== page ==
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‘The death of the Eurobond market has been much exaggerated’

Financial historian Professor Richard Roberts takes us back to 1987 when GlobalCapital (then called EuroWeek) was launched, a time of market crashes, when Japanese banks dominated the league tables, the World Bank was the best borrower in the market and a small German agency called Kreditanstalt für Wiederaufbau issued its first deal.

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“Chaos in there today,” sighed a veteran New York Stock Exchange dealer after the closing bell of the cataclysmic trading session of Monday October 19, 1987. “Absolute chaos. I’ve never seen anything like it in almost 40 years on the floor. I hope to God I never see another day like this.”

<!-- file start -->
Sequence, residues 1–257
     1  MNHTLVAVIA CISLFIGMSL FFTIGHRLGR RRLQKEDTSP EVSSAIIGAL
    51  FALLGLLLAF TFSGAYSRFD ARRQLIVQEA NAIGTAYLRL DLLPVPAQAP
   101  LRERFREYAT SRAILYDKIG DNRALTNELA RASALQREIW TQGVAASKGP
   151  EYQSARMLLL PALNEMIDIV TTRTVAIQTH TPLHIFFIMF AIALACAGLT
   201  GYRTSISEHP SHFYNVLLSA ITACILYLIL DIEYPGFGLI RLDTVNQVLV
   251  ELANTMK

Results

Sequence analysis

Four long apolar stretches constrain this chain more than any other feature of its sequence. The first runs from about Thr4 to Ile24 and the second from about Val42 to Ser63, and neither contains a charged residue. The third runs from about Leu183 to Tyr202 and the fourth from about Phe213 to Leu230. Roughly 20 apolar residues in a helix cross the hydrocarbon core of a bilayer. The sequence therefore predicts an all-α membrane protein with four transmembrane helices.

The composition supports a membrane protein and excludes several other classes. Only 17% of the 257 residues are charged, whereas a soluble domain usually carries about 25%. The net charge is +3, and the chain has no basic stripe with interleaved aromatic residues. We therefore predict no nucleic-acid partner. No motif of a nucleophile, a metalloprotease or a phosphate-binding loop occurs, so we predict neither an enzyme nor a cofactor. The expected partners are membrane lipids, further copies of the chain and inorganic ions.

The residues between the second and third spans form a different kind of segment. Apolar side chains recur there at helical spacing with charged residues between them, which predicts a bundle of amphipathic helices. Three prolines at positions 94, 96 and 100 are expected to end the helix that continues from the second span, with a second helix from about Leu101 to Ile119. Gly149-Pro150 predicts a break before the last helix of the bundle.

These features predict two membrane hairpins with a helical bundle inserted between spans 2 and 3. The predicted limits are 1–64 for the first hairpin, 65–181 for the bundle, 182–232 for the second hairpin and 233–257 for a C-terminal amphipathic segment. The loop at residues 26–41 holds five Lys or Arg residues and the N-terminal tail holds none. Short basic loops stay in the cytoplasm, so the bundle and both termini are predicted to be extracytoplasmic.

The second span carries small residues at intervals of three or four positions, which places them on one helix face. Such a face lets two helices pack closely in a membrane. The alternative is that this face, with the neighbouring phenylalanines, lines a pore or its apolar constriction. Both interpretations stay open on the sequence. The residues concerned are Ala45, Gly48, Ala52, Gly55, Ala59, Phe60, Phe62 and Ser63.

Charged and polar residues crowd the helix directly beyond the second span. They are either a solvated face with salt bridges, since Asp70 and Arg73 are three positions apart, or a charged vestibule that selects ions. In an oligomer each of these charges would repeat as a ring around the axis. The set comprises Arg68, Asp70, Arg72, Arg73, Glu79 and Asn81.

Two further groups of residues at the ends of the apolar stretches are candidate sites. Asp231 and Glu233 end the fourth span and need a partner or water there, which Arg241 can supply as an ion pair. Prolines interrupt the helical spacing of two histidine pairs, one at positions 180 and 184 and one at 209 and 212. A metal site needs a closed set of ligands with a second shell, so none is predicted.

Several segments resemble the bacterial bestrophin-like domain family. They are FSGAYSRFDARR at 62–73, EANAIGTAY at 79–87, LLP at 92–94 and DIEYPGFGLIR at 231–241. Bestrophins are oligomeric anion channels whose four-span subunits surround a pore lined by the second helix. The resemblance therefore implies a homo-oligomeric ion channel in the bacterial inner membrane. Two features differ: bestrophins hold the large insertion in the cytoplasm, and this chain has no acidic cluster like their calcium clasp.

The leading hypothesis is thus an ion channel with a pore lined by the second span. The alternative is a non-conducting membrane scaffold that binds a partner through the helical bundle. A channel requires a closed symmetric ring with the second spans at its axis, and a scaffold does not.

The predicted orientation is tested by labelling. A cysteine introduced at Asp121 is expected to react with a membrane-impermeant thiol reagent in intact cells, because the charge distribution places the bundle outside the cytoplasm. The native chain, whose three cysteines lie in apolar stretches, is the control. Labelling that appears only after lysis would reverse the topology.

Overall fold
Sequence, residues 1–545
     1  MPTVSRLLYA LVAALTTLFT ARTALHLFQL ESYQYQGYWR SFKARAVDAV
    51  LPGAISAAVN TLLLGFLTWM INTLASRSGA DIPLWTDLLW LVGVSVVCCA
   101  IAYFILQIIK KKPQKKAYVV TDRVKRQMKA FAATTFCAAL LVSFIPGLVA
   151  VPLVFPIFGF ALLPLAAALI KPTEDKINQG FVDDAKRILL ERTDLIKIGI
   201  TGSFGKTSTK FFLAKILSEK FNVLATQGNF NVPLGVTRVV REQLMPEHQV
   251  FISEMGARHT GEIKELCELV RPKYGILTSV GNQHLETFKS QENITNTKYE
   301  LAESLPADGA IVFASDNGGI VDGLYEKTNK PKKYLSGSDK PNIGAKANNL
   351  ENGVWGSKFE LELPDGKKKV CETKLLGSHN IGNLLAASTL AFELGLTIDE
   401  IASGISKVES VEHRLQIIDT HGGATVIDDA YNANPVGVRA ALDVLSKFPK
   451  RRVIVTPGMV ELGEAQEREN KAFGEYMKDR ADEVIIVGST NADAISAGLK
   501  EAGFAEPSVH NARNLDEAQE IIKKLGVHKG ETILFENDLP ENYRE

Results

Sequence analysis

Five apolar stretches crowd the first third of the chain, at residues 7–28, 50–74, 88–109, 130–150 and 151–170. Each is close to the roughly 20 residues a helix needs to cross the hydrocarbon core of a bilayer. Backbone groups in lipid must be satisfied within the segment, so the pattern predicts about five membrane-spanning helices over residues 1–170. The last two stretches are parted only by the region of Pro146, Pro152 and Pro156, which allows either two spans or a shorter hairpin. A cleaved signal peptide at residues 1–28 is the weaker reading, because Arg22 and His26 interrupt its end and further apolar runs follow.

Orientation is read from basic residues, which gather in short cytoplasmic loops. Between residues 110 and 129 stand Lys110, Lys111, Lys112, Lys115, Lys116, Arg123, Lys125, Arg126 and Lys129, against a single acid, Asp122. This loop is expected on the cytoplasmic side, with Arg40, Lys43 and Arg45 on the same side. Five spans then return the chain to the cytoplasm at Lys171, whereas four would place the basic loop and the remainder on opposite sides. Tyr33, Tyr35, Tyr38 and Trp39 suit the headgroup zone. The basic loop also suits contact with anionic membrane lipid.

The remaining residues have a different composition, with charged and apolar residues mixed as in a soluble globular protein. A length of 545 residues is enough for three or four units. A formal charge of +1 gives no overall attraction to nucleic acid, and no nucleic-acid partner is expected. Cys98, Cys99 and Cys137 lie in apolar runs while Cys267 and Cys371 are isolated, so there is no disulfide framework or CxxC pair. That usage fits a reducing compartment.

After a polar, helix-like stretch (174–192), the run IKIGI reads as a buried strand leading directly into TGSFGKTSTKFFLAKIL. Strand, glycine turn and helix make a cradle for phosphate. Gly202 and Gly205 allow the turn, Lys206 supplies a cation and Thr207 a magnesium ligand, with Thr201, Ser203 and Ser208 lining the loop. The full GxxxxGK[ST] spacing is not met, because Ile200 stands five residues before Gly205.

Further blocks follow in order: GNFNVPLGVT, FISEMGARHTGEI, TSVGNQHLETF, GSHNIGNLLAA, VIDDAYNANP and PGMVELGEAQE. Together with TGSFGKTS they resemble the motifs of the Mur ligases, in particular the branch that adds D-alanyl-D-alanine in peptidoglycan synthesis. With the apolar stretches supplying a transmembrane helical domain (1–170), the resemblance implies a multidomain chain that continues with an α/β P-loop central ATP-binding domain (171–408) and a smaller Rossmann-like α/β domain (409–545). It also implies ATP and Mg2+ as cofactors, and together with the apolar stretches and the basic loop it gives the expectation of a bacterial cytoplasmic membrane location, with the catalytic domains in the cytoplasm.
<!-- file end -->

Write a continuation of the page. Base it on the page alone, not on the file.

“A meltdown” lamented NYSE chairman John Phelan. That day — Black Monday — the Dow Jones lost 508 points, a record 22.6% collapse that was twice the drop on October 28, 1929, the worst day of the stock market plunge that preceded the Great Depression.

The crash of 1929 was a Wall Street affair, but the 1987 collapse was global, with record falls in Toronto, Hong Kong, Singapore and Sydney, as well as big losses in Tokyo, Frankfurt and elsewhere.

Five months earlier, a scrappy little tabloid, branded as “the Euromarkets’ first newspaper”, had launched, into a market that was somewhat more benign. 

The first cover featured a fight over league table credit for an equity offering from Philips (including a strange US innovation called a greenshoe), plus a bold bond deal from Crédit Lyonnais, which slumped on issue.